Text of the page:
Tuesday, July 22, 2008

Memorial service update

This is subject to change, but as it is now, we are planning to have Chris' Memorial service on the morning of August 19th in Fresno, at the Peach and Nees building. We are waiting to get him back from Thailand. We are hoping Aug 19th is a far enough date out for this to happen.

I would like to share part of an email from one of Chris' very close friends, Berrett Rice. He wrote this 2 days after we learned of Chris' death.

"........ We camped together in Colorado for a month straight, and we had nothing to do while we were there except fish, hike, cook, and take care of camp. During that time, I was never bored for a single second, and I laughed insanely every single day of the trip. His sense of humor was so unique, and personal. There's absolutely no one like him in this respect, and I will miss this more than anything. The good news is that so much of our communication over the last 15 years has been electronic, so I still have a lot of great comedy that I can revisit whenever I want.

His next greatest quality is his ability to converse in an interesting, engaging, challenging, and sometimes infuriating way. Partly because he had no respect for the normal rules of conversational etiquette, Chris was able to challenge my thoughts as well as anyone. But he wasn't just challenging, he was also just fun to talk to. We used to drive from Provo to Fresno together two or three times a year, and I often remember commenting how strange it was that we would talk 100% of the trip! I don't think I can do that even with my own wife! But with Chris the conversation never stopped. He could talk about music, movies, politics, science, books, arm-chair philosophy, popular culture, and many obscure topics too. He was so insightful, intelligent, and "fresh". I could talk to Chris forever.

Another great quality, at least in the happier years when we were in college, was that he was always up for an adventure. Always. I could say, "Let's go play some tennis" and he would stand up and grab his racquet. Equally, someone could say, "Let's go camping in southern Utah for a few days" and he would jump right on it. No excuses and very little hesitation. The only exception to this rule is that sometimes his insomnia or back pain would get in the way. But generally speaking he was up for fun at any moment.....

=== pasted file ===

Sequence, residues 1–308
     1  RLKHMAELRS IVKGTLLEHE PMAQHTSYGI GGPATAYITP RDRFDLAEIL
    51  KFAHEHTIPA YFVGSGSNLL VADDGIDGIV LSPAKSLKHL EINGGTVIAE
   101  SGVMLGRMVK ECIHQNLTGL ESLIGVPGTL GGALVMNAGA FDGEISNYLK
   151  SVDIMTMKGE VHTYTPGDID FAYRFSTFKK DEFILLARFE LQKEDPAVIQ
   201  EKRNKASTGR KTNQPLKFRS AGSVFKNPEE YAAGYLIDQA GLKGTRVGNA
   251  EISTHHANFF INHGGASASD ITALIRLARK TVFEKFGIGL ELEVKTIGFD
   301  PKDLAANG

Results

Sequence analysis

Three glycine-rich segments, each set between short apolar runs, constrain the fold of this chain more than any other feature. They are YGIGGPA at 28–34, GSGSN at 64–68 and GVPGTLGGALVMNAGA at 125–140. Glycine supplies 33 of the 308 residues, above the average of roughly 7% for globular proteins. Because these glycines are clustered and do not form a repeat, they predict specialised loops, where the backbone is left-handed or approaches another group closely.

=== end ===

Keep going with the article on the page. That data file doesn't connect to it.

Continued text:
.....I loved the way he was, even with his occasional surliness. I could handle that part of him in exchange for all of the wonderful experiences and the unparalleled laughter. The truth is, even with the surliness, I got along better and more easily with Chris than with all but a few people I've ever known. I suppose we were a good match because I wasn't offended by him, and he may have been mildly civilized by me. I don't know if that's true. I just know that I loved him and all the way up to an hour before he killed himself, he was a huge part of my life.

Tina made an interesting observation yesterday: She was remembering when Chris, she, and I were headed to the dollar movies to see a movie one night (I think Paul may have been there too). We pulled up to an intersection and stopped at the red light. Without warning Chris said something like, "I don't really want to see this movie". He opened the door to the car, said "See you guys", and walked away. It was shockingly quick! We didn't even have a chance to respond before he was gone. He used to do this in our apartment in Salt Lake too. It would be 2 AM and we would be in the middle of a sentence when he would announce, "I'm tired, I've got to get out of here", then he would disappear out the door before we could even process the sentence. I've thought this was a particularly hilarious and lovable quality of his.

Well, Tina's observation is that this is exactly what happened again two days ago. A quick email, and he's gone. We had no opportunity to even respond.

I'm so incredibly sorry that he's gone. I will miss him dearly. I already do. This is the first time in memory for me that he hasn't been "out there" in my life. I don't particularly like it this way.

That's about it. Rest in peace, my brother. I sincerely hope things are better for you now and that both the physical and emotional pain are gone for you. I also hope we'll see each other again in a context that will allow us to almost throw up from laughing so hard about some stupid joke or some old memory...."

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